Pubdate: Wed, 30 Mar 2016
Source: Rutland Herald (VT)
Copyright: 2016 Rutland Herald
Author: Al Boright
Note: Al Boright is a humorist, playwright and musician who worked as 
legislative council for 31 years before retiring at the end of 2008.


Before, during and after my 31 years working for the Legislature, I 
have always thought that the pot prohibition was Vermont's worst law. 
By far. No competition.

Pot prohibition was first adopted in the 1930s, based upon a 
nonscientific and highly distorted view of the dangers of pot, as 
characterized by the then-current, hilariously campy, pot-phobic 
movie "Reefer Madness." Through the years, penalties for lesser pot 
offenses in Vermont have decreased to the point where possession of 
one ounce or less is only a civil violation, but we've always 
retained a schizophrenic strictness around the fringes and throughout 
the supply chain: an ever-present bow to the craziness enthroned by 
"Reefer Madness." (Selling 50 pounds of pot may bring a penalty of 30 
years, which is 10 years stiffer than the minimum levied for 
second-degree murder.

That's crazy.)

Let's consider an example: Suppose a person possesses three ounces of 
pot for a year. The penalty for an instance of possessing more than 
two ounces of pot may include jail time up to three years.

If fully prosecuted and penalized for the number of days in a year 
(365), the person would run up potential jail time of 1,095 years 
whether or not he ever had a puff of the stuff.

That equals 31 first degree murderers at 35 years of minimum time 
owed per pop. If an otherwise productive and presumably law abiding 
Woodstock-era model citizen/fogey followed this course of conduct for 
50 years, he would have committed crimes punishable by jail time 
amounting to about 54,750 years, which equals time faced by, plus or 
minus, 1,550 convicted first-degree murderers.

Holy smokes, Batman! It's not the pot smoker that's stark raving mad, 
it's the pot prohibition! Particularly, when you consider: the 
billions of dollars funneled to the mob/drug cartels; the truly 
dangerous drugs that may become available through underworld 
providers because of the gateway to that culture that prohibition 
creates; the existing system's failure to keep pot out of the hands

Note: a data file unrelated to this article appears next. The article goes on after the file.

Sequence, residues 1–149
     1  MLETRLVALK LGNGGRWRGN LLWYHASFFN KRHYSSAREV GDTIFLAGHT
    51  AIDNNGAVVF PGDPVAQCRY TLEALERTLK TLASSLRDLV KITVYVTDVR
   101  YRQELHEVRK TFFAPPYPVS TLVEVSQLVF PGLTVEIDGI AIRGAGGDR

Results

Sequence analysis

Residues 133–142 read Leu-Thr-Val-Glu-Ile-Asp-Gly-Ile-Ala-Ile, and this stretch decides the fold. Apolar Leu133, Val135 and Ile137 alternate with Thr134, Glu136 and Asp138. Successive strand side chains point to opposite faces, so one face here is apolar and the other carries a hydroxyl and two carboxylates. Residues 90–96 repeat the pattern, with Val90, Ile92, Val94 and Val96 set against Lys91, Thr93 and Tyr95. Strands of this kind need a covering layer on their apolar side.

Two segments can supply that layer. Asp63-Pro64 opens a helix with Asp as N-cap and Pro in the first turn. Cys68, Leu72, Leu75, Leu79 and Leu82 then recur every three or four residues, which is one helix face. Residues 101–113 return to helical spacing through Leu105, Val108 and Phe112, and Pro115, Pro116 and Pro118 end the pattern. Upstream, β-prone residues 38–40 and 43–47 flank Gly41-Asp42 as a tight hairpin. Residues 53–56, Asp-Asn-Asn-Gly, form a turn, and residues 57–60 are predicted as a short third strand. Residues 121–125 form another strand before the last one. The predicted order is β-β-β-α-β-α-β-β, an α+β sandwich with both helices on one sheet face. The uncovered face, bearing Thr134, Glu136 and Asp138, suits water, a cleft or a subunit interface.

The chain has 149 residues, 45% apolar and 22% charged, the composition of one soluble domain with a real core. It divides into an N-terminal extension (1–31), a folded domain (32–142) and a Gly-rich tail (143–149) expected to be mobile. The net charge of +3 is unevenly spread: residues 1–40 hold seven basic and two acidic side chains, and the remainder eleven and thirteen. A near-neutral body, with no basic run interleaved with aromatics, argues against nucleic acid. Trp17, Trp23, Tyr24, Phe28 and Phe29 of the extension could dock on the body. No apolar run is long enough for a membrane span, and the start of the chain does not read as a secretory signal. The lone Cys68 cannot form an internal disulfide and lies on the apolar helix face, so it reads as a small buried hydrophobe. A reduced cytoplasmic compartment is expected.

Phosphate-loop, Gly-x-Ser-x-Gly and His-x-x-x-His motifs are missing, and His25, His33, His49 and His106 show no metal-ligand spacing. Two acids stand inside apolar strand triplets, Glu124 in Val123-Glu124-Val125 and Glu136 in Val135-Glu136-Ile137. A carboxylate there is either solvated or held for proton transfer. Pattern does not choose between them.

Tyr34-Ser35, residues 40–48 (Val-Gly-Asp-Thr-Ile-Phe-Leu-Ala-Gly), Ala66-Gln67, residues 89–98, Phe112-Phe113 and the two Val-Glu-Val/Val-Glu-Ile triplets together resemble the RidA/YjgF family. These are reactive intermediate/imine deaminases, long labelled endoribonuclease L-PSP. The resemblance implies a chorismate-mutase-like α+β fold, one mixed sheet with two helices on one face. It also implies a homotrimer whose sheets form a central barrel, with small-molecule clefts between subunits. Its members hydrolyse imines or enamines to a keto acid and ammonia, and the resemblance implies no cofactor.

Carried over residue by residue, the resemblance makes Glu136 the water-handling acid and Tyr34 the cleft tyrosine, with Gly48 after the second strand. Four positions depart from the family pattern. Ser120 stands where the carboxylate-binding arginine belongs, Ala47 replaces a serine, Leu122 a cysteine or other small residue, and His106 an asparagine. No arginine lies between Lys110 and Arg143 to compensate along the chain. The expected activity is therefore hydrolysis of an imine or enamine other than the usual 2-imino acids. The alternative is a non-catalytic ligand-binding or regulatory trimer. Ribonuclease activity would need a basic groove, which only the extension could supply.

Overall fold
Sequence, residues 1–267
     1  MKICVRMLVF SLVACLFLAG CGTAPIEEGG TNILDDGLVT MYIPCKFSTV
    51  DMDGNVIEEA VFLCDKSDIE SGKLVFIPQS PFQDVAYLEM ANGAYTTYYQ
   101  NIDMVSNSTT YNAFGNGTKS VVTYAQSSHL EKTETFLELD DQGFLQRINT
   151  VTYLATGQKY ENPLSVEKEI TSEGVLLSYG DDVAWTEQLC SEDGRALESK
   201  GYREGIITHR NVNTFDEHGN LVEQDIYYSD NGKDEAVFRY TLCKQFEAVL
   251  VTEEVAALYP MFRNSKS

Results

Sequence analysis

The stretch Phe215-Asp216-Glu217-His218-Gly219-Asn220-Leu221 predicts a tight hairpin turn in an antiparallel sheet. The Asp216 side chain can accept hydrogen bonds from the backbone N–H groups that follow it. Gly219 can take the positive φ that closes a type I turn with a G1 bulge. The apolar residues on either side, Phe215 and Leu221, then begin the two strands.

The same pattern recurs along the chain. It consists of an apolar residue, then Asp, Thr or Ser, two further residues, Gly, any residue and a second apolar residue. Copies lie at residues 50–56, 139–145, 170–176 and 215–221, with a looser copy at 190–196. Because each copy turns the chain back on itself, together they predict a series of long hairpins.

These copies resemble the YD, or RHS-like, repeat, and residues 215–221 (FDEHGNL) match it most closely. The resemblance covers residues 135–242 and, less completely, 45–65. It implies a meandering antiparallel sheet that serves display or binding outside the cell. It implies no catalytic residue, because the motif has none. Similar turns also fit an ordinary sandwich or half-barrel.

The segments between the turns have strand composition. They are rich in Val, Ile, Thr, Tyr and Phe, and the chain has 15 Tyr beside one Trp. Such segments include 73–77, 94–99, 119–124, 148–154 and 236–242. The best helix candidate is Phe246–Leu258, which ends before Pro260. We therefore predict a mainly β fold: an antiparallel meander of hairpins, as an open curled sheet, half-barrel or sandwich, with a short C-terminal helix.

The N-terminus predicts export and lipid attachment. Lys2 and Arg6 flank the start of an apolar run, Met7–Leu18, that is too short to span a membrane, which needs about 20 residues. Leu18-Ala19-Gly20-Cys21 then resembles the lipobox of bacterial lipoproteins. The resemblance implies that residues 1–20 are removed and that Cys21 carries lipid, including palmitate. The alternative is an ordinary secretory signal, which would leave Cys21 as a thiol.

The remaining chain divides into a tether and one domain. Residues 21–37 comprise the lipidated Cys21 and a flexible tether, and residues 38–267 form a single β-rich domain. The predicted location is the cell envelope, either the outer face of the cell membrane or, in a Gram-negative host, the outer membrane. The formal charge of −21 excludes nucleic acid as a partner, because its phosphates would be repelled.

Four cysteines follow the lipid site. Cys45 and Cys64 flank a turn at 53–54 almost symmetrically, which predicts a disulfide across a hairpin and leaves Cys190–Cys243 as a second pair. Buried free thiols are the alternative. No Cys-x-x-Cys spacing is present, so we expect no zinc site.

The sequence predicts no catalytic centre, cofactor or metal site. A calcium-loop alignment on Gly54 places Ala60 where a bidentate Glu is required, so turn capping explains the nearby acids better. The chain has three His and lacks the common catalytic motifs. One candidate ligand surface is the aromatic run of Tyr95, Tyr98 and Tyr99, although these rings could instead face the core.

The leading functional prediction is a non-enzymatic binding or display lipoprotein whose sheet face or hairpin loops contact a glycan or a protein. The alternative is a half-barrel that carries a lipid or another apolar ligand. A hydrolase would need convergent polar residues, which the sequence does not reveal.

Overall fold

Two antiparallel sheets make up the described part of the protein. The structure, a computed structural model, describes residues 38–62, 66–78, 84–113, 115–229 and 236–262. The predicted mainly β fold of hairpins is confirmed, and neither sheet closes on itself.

of children; the drag on medical research into the many likely 
beneficial effects of cannabis; the systemic violations of a 
meaningful right to privacy; the incongruity in a "free" society of 
police state-like helicopter surveillance; the racially 
discriminatory enforcement; the financial and societal costs of 
ill-conceived incarceration; the squandering of law enforcement and 
judicial resources; the unrealized economic potential of pot as a 
thoughtfully regulated, locally grown, commercial product; the public 
safety enhancements that competitive entrepreneurs are sure to 
develop in a legalized environment; the advantages of treatment over 
incarceration as a way of combating dependencies; the tax revenue 
foregone; and the simple fact that the pot prohibition has not worked.

But what about the lack of a reliable breath test for pot 
intoxication? In fact, prohibition has made it tougher for society to 
be well informed about the character and duration of the pot high. 
With alcohol, people have come to know a rule of thumb: "if you weigh 
Y pounds, you should be fine if you don't drink more than X beers per 
hour." But has anybody determined the nature and duration of the pot 
buzz, or of the combined pot/alcohol buzz? If a smoker waits two 
hours, do capacities return?

Five hours?

Who knows?

Nobody raised their hand because it's illegal.

We've already got 80,000 pot consumers in Vermont who might someday 
drive while intoxicated. Although the "Just say no" approach has 
failed to provide us a solution, we don't yet have the advantages of 
any science-based, safety-related, pot consumption rules of thumb 
that might be developed under a regime of thoughtful legalization and 
that might facilitate informed self regulation and responsible restraint.

I'm not an advocate of pot smoking.

Inhaling any kind of smoke seems a bad idea. But the Declaration of 
Independence states that we are endowed by our creator with 
"inalienable rights," which include the "pursuit of happiness." And 
your right to pursue happiness shouldn't be limited to whatever 
activities make me happy.

Within reasonable bounds, different folks have an inalienable right 
to pursue different strokes. That is how freedom is defined: the 
power or right to act, speak, or think as one wants without hindrance 
or restraint.

And how robust is the freedom that Vermont's vets have been long 
asked to be willing to die for, even after passage of almost 50 years 
since Woodstock? The members of the House, by passing legislation no 
more restrictive than the Senate's, can provide at least 80,000 
Vermonters with a piece of that freedom that long has been missing in 
action. I fully believe that remaining pot problems can be best 
addressed by building upon a foundation of freedom and legalization. 
We've waited far too long to fix this. Let freedom ring. Let my people grow.
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MAP posted-by: Jay Bergstrom